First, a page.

The state of New York recently announced some significant fines (US$350,000) levied on some 19 different companies whose online review practices were deemed misleading and unfair to consumers.
Everyone in the hotel business knows full well the importance of online reviews in the customer selection process. These critiques, for the most part, are fair. I also suspect the individuals completing the reviews are doing so out of a sense of personal satisfaction of reporting on their trip — a moral duty to their friends and others to tell all, both good and bad.
Let’s set aside the few bad apples who are reviewing properties fictitiously. All would agree those should be purged. Hotel operators who employ such external services to write reviews are missing the point: spend money on fixing the problems identified by customers rather than trying to mitigate a bad review with falsely positive overtures. Cheating reviews by this method is like faking your own blood test. The results make it difficult to diagnose and cure any problems.
Far more insidious are those reviews that downgrade a property because of issues that have nothing really to do with the operation being evaluated. Is it honest to blast a hotel because the third-party in-house restaurant overcooked your steak, the access roads were under construction or some kids were noisy in the pool? Yet I see these sorts of complaints all the time. This is where professional reviewers will continue to thrive — as benchmarks for consumers to cross-compare and ignore some of the more irrational accusations.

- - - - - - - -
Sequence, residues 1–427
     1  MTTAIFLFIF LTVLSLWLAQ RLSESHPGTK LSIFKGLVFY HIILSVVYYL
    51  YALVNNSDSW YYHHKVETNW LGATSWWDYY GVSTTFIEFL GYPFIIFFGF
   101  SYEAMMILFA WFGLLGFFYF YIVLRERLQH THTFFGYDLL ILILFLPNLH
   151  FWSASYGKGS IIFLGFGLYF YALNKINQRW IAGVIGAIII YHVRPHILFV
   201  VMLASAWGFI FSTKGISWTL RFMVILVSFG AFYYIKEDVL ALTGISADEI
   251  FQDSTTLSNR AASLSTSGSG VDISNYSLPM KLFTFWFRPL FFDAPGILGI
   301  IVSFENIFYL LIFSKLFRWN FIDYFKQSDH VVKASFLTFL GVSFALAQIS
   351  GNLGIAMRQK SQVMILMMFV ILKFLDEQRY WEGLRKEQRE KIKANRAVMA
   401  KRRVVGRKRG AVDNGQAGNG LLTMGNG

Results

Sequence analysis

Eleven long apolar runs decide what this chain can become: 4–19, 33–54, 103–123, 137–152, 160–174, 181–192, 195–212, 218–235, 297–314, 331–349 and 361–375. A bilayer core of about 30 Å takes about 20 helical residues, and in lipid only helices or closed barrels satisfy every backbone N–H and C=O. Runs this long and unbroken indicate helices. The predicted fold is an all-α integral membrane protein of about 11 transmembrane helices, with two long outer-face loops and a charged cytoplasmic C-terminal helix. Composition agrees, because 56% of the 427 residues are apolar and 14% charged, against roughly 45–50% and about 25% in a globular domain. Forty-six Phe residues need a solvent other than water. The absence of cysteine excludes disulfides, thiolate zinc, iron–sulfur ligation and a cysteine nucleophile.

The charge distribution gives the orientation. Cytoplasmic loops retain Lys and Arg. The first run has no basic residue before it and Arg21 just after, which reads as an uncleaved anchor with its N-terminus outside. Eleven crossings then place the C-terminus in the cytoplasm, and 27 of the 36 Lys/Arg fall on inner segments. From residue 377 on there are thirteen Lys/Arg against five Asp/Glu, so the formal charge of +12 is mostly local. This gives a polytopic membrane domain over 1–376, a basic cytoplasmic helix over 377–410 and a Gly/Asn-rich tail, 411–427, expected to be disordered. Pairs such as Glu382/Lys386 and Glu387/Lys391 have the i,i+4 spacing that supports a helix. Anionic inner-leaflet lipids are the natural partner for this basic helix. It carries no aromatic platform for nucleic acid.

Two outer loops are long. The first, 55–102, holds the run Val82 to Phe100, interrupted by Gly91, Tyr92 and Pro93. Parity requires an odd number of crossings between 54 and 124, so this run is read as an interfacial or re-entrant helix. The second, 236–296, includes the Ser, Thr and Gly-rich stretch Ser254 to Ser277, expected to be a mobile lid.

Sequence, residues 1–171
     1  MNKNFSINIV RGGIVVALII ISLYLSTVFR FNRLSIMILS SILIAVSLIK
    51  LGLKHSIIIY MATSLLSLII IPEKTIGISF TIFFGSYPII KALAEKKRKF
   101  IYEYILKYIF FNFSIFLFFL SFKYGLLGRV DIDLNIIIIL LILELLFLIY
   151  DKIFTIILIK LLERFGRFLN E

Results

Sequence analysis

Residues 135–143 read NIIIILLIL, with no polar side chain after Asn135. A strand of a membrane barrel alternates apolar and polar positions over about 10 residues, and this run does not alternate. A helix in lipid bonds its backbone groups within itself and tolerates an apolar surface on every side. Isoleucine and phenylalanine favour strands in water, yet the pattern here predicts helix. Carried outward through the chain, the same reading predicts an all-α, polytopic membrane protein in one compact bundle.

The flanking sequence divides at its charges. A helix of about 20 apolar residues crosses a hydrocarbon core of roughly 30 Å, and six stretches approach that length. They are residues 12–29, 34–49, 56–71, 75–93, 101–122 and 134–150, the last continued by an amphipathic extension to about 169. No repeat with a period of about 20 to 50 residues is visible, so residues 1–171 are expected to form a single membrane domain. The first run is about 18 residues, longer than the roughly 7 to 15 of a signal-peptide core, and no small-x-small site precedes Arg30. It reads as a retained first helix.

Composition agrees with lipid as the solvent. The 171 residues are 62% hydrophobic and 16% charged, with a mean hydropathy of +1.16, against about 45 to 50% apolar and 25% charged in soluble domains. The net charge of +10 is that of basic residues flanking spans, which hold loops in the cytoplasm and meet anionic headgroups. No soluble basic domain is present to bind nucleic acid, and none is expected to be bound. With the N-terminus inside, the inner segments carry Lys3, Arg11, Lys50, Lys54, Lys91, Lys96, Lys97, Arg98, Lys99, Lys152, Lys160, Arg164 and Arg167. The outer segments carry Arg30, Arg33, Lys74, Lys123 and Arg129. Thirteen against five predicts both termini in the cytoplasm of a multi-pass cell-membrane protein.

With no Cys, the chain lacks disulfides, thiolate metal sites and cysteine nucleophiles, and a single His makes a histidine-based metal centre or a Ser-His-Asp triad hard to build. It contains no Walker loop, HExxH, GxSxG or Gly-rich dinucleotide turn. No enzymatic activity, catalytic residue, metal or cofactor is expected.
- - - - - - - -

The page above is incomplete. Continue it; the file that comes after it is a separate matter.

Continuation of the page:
Setting the expectation bar
If a hotel is considered to be at the 4- or 5-star level, the bar is set very high insofar as guest expectations. If you fail to meet these expectations, guests will give a lower rating. In contrast, an identical delivery of service at a 3-star property may be considered outstanding. The bar was set lower, and expectations were exceeded.
This mindset issue is at the crux of online hotel ratings and why quite often a budget property gets a remarkably high score (low bar, over-delivery), while a higher-priced property gets a lower-than-anticipated score (higher bar, under-delivery). In the eyes of the responder, that’s accurate reporting. But to the hotelier trying to understand why a significant investment in infrastructure is getting a lower rating than a lower-priced peer, it can be devastating.
So, while even though this recent legislation is a clear step in the right direction — as well as being beneficial to hotel operators and consumers alike — more must still be done to ameliorate the fundamental problems with online reviews. First, you must fix any immediate issues that multiple past guests are spelling out online. But beyond this, you have to set the right bar (via the tone of your website, ADR, advertising material, social media, etc.) so you are constantly exceeding guest expectations and getting stellar appraisals.
(Article published by Larry Mogelonsky in HOTELSmag on October 4, 2013)